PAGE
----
I have just returned to Phuket after being away for 3 months. You would not believe the change! When I bought my first Jatukam piece in January for 20,000 baht, only a few Thai people were wearing them. Now, my main Jatukam piece is worth about 100,000 baht (in May) and I've heard that it could be worth up to 200,000 baht. There are Jatukam shops everywhere, probably 10 at each main shopping centre, but be warned, as much as they will try to convince you that the pieces are real, I can almost guarantee you that they're a copy.
There have been newspaper reports recently where Jatukam figures have shown up in photos, even digital pictures and ones that were taken by farangs (westerners). This has added to the hysteria and popularity of the Jatukam.
The Jatukam in the picture, as worn by my friend, is my main piece. I have a blue one, because I was born on a Friday. Every day of the week is represented by a different colour.
This event is over a few days in april the hotest and dryest month.......it is normally over a few days but once in Pattaya a few years ago it went on for 2 weeks........
Basically the whole country erupts into big water fights............you will wherever you are get wet in doors or outside...........don't bother changing into dry clothes you will just get wet again even battles rage while driving down the road and accident rates go up.
Its mad but fun and if you think it will annoy you after a while then miss this time of year or stay in your hotel room.................thats exciting!!!!!!!!!!!!!!!
One of our best experiences in Phuket was being invited by a Thai friend to his family's spirit night; an annual ceremony of invoking spirits, making offerings, blessing and giving answers/remedies.
Our friend lives down a laneway (soi) where all of one extended family resides. They have their own homes yet live communally, eating at one place where everyone is cooked for etc - a gathering place really. This is where the spirit ceremony is conducted.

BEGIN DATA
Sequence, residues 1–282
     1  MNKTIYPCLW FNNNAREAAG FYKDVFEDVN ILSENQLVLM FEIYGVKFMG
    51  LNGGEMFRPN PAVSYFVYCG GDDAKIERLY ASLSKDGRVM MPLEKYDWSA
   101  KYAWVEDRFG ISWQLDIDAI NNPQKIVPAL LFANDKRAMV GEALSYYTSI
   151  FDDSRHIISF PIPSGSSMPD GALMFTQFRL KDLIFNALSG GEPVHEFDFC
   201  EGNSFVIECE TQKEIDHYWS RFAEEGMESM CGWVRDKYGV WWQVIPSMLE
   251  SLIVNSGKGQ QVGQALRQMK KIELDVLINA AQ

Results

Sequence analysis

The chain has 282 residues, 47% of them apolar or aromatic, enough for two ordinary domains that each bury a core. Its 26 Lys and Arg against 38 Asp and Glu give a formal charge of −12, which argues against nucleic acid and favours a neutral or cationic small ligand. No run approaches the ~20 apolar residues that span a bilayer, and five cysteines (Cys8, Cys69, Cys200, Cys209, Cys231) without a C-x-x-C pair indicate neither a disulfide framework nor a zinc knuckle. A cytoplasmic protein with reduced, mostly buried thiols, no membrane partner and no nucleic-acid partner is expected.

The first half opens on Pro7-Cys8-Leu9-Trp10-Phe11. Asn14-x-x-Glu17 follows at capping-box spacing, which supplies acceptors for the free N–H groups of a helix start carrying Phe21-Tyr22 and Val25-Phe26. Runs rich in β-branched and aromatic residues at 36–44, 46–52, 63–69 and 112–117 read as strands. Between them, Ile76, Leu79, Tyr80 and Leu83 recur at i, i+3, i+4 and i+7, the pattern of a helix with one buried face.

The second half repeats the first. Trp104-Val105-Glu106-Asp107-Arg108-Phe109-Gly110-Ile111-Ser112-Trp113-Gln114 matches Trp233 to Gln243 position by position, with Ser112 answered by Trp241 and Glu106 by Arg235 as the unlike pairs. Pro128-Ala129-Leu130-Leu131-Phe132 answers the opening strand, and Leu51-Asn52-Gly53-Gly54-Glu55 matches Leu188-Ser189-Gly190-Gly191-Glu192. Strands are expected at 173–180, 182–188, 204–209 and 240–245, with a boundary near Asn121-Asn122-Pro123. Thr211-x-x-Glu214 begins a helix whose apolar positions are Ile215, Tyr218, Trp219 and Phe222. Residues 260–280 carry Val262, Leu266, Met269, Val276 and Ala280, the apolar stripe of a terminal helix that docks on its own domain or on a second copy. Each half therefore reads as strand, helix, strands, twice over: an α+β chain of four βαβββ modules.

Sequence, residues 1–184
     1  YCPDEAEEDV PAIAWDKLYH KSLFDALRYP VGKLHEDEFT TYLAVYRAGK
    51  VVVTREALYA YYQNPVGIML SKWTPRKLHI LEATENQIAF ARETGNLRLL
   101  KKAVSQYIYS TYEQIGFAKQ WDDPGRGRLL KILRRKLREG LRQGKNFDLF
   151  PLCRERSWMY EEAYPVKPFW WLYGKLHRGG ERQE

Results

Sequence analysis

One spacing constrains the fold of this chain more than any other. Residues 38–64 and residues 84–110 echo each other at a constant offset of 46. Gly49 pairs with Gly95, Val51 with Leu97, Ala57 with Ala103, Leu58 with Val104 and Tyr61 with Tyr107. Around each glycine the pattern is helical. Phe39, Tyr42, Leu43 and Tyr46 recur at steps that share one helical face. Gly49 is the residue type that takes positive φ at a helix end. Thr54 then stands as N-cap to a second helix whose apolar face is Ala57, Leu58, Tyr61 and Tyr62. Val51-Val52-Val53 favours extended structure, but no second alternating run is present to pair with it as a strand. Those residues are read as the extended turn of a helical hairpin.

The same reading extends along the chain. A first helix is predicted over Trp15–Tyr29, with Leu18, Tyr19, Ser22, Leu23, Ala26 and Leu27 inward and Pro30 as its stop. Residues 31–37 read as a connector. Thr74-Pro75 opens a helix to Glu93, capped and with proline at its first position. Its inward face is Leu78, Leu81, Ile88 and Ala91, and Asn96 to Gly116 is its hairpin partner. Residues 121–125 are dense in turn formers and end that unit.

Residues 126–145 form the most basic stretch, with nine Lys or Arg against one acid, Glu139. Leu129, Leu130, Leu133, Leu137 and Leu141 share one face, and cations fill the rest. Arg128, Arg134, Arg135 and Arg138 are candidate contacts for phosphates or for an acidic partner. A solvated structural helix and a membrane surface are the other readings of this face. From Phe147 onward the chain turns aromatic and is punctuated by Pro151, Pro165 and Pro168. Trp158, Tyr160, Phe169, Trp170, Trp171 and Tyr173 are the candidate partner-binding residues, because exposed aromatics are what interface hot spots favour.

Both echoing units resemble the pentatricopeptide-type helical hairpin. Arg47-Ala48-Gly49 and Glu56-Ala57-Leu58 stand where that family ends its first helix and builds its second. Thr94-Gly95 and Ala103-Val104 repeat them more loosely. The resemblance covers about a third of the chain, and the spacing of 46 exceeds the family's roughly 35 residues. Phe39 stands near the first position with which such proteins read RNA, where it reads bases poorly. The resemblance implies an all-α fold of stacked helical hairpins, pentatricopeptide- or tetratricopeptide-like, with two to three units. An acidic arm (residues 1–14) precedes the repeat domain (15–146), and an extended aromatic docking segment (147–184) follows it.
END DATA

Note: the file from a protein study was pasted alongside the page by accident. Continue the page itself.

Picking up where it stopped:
The ceremony was ritualised with a sense of reverence, yet it was a fine line. The "Grandfather" would make a statement and one or two people are allowed to challenge him, causing a few laughs. Mobile phones even came into play which just seemed so odd. At one point one of the "Grandfathers" told off the guys playing the drums because they had been much better at practice, then handed them some whiskey. One of the guys answered his mobile phone which went off, leaving the band a man down for a few tinkles of his bell.
It was quite an involved ceremony with two different "Grandfathers", each invoking different spirits whilst sitting in front of the offerings of fruit, candles and Thai whiskey. The spirits invoked begin at a basic level, gradually working up to to the highest spirit.
The first "Grandfather" sat cross-legged on the altar table whilst he held a stick and a candle. He kept pouring the hot wax over his head and body as he sat incanting. He ended up in a trance and got off the table to be helped into the house and out to the altar again. He crouched like a very old man of well over 100 years - because that was the spirit he had invoked. I think it also alluded to the wisdom of age. He calls each mother to 'hand over' her baby to him. He then calls the baby his, effectively making him the great "Grandfather". This is disputed, then he responds, somehow making it so.
After the ceremony, a meal is eaten - including the fruits and eggs which were blessed/used in the ceremony to bring good luck to the consumer.
An awesome experience.
This Temple is know as Wat ko Si-le which is set on a small Island attached to the mainland by a small bridge and is set on the top a very steep hill overlooking Phuket town and Phuket harbor.
There is some sort of Monk school here and many of them live here.
To get to the temple you have to practically thrash the motor out of your little rented motorbike, and then climb the giant serpent staircase that runs all the way up to the mountain top temple.
But the effort is defiantly worth it. ;-)
The view was fantastic from here and the big reclining Buddha was quite impressive too.
At the bottom of the hill there is a fishery sea port and a sea gypsy village which are both worth a look as well.
This is on the wrong side of Phuket town (the west coast) for many visitors to get to but if you have a bike its a great day trip with a special someone.
The architecture in this place alone is well worth the visit but to learn the history and culture of this place is very interesting no matter what you might believe.
There are many temples here plus the main Monks old house with their statues made from wax.
There is also an impressive Pagoda here with a good view from the roof as well as food, drink and souvenir stalls.
Wat Chalong is Phuket’s most important Buddhist temple and is the biggest and most ornate of Phuket’s 29 Buddhist monasteries.
The architecture is typical of wats found throughout Thailand. Wat Chalong is associated with the revered monks, Luang Pho Chaem and Luang Pho Chuang, both of whom were famous for there work in herbal medicine and tending to the injured of a tin miners rebellion in 1876.
From the Chalong traffic circle take bypass road Why 4021 3km (2 miles) and Wat Chalong is on the right.